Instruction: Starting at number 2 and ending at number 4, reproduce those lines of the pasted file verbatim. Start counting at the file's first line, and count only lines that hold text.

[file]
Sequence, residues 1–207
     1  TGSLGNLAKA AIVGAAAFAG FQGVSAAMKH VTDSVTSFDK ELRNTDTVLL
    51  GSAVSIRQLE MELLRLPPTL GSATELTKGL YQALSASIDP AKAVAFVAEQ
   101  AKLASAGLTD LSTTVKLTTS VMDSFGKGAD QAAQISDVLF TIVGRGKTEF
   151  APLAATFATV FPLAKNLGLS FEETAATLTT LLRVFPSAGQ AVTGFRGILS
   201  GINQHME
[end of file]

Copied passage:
     1  TGSLGNLAKA AIVGAAAFAG FQGVSAAMKH VTDSVTSFDK ELRNTDTVLL
    51  GSAVSIRQLE MELLRLPPTL GSATELTKGL YQALSASIDP AKAVAFVAEQ
   101  AKLASAGLTD LSTTVKLTTS VMDSFGKGAD QAAQISDVLF TIVGRGKTEF